18. Like
    sabishikunaru got a reaction from Fizzle in Things People Have Said To You That Have Helped You . . .   
    Interesting, but what are "rescue factors" if I may ask? Does it just mean to search for a reasonable/plausible way out of one's current troubles, or is it something more technical than that?
  19. Like
    sabishikunaru reacted to Epictetus in Things People Have Said To You That Have Helped You . . .   
    In reply to Sabishikunaru...
     
    My understanding [and I am far, far far from being an expert!] is that rescue factors includes physical and psychological solutions to situations that seem hopeless.
     
    -- Often one is confronted with a problem for which there is but one solution, an awful solution.  Sometimes [?] it is possible to find an alternative.  Sometimes there are two awful alternatives and a third solution can be found:  For example:  "One MUST do x or y and one discovers the possibility of doing z."
     
    -- A so-called famous rescue factor proposed in CBT is the disappear meditation.  "Imagine one is kidnapped and marooned on a desert island.  Before this, one was bogged down with the various demands and expectations of countless people.  Suddenly one is no longer around.  What will happen?  Will the world just end?  Or will people someone get on without you because you suddenly vanished?  The demands and expectations of others will still be there.  But you are no longer there to meet or fulfill them.  Those needs will be met by others or not.  But life will go on.  People will find alternatives and substitutes.  "Supposedly" this meditation is designed to help a person see that not all matters are matters of life and death and that "sometimes" it is possible to attach a stressful "life or death importance" to matters which are not really life of death.  This might [?] be an example of a psychological rescue factor.  The meditation is not designed to encourage hard-heartedness though.  Its focus is on unrealistic expectations and demands. 
     
    --A physical rescue factor might be finding a physical alternative to something.  For example, "I" must do this might sometimes only mean "someone" must do it.  For example.  "You must take me to the airport."  Actually, you want or need to go to the airport and you or someone else must take you:  a friend, a relative, a taxicab.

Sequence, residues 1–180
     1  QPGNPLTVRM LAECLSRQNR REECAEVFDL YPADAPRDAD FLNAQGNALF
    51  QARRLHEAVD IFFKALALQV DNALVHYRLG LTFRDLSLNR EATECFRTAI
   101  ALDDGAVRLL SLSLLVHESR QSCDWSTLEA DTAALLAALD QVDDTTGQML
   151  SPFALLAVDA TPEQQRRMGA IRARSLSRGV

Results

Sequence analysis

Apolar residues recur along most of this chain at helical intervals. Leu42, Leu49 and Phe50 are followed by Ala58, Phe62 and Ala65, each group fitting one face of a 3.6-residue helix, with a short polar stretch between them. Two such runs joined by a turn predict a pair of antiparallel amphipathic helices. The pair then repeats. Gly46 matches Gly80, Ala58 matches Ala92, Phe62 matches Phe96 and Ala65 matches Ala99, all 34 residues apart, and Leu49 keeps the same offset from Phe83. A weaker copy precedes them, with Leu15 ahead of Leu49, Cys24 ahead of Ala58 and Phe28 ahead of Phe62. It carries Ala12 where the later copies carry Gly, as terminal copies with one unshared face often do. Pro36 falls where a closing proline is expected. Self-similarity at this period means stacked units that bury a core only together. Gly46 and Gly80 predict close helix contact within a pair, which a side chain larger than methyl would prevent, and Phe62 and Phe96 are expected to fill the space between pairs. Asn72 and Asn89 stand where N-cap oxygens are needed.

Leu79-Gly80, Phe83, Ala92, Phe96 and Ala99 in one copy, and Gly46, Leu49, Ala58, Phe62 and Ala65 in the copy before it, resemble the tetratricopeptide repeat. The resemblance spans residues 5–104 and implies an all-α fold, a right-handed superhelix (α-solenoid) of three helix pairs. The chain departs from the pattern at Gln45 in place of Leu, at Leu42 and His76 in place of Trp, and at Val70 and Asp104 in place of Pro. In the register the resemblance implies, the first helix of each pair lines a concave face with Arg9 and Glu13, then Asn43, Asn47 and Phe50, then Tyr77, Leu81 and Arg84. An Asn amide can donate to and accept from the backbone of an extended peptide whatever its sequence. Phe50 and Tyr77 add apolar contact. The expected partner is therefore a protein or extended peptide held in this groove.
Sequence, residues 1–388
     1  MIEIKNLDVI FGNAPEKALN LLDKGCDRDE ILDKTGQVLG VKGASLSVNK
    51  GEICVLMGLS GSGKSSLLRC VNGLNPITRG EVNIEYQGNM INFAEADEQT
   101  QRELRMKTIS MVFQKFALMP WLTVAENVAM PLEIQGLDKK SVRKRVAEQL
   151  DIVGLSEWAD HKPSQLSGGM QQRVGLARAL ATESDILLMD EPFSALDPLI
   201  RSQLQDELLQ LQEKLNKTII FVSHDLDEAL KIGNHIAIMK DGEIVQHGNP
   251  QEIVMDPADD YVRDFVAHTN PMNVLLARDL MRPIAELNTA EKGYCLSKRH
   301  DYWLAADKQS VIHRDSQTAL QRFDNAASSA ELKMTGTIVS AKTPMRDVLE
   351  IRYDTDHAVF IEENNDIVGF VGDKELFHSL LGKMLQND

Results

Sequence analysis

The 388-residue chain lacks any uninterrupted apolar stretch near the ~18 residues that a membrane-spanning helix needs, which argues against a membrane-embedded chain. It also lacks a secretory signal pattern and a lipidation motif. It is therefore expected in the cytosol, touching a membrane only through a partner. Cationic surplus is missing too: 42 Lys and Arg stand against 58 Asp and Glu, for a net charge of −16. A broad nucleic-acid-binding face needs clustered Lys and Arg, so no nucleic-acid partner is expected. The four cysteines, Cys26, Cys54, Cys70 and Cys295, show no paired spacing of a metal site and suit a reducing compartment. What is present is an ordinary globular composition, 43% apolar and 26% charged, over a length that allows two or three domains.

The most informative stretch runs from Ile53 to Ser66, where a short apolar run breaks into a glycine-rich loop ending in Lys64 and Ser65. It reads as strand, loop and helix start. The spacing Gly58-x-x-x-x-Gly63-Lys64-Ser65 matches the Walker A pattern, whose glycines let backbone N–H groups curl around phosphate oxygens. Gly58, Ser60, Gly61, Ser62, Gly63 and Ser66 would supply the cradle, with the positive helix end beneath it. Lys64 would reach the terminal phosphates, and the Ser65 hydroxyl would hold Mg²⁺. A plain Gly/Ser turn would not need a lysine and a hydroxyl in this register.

--A rescue factor could be just looking at a problem in a new way.  Instead of "This is a problem,"  "why isn't this a problem?"  For example, I have an incurable disease, but I still have my eyesight and hearing, can still appreciate nature and beauty and music, have both hands and feet, am not starving to death."  Stuff like that. 
     
    That is my very shallow and very imperfect understanding of what "rescue factors"  are.  Sorry I couldn't be more helpful. 
  20. Like
    sabishikunaru reacted to HyperionMaster in Things People Have Said To You That Have Helped You . . .   
    In the hospital there was a sign saying "if you're a cat be a great cat not a mediocre bird" or something like that.
  21. Like
    sabishikunaru reacted to BlackEyedDog in How Do I Get The Courage To Apply For A Job?   
    I need to find a job soon, but the thought of applying in person scares the h*** out of me greatly. I think the fear of leaving my home and going out into the unknown bothers me greatly combined with the interaction with complete strangers. Does anyone have any tips to help me get over this psychological hurdle in regards to applying for a job? Any insight or knowledge would be greatly appreciated.
  22. Like
    sabishikunaru reacted to allalone6 in Teeth Suffered Cause Of Your Depression?   
    I finally got up the courage to make the appointment! only took 5 months! appointment is next week! very anxious about it!
  23. Like
    sabishikunaru got a reaction from Fizzle in Teeth Suffered Cause Of Your Depression?   
    Can you post an update in this thread? I've gone through similar, and while I've had reasonably good dental habits for a while now, I'm probably going to have to go in for cavities sooner or later.
  24. Like
    sabishikunaru got a reaction from Fizzle in Things People Have Said To You That Have Helped You . . .   
    I've been thinking about this idea lately myself. Like how anxious people can be the safest people to be around because they sense danger the fastest (and/or can anticipate negative outcomes and prepare for them), depressed people can also do similar things that are useful for planning/avoiding hardships. Obviously there's still a lot of struggle involved but it's possible that on better functioning days, a person can learn to use the insight anxiety and depression bring to help plan for contingency.
  25. Like
    sabishikunaru got a reaction from Epictetus in Things People Have Said To You That Have Helped You . . .   
    I've been thinking about this idea lately myself. Like how anxious people can be the safest people to be around because they sense danger the fastest (and/or can anticipate negative outcomes and prepare for them), depressed people can also do similar things that are useful for planning/avoiding hardships. Obviously there's still a lot of struggle involved but it's possible that on better functioning days, a person can learn to use the insight anxiety and depression bring to help plan for contingency.